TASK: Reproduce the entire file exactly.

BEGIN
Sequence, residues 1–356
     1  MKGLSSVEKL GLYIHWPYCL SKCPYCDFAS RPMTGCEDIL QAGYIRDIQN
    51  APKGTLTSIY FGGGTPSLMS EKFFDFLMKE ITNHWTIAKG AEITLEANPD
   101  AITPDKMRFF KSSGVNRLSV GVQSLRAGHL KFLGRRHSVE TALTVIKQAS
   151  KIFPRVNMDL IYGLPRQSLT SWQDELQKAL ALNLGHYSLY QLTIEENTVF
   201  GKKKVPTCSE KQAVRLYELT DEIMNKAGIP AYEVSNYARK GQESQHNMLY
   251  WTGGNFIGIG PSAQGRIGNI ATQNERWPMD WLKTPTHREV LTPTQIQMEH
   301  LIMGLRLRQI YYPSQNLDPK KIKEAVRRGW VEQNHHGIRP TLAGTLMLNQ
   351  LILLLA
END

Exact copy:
Sequence, residues 1–356
     1  MKGLSSVEKL GLYIHWPYCL SKCPYCDFAS RPMTGCEDIL QAGYIRDIQN
    51  APKGTLTSIY FGGGTPSLMS EKFFDFLMKE ITNHWTIAKG AEITLEANPD
   101  AITPDKMRFF KSSGVNRLSV GVQSLRAGHL KFLGRRHSVE TALTVIKQAS
   151  KIFPRVNMDL IYGLPRQSLT SWQDELQKAL ALNLGHYSLY QLTIEENTVF
   201  GKKKVPTCSE KQAVRLYELT DEIMNKAGIP AYEVSNYARK GQESQHNMLY
   251  WTGGNFIGIG PSAQGRIGNI ATQNERWPMD WLKTPTHREV LTPTQIQMEH
   301  LIMGLRLRQI YYPSQNLDPK KIKEAVRRGW VEQNHHGIRP TLAGTLMLNQ
   351  LILLLA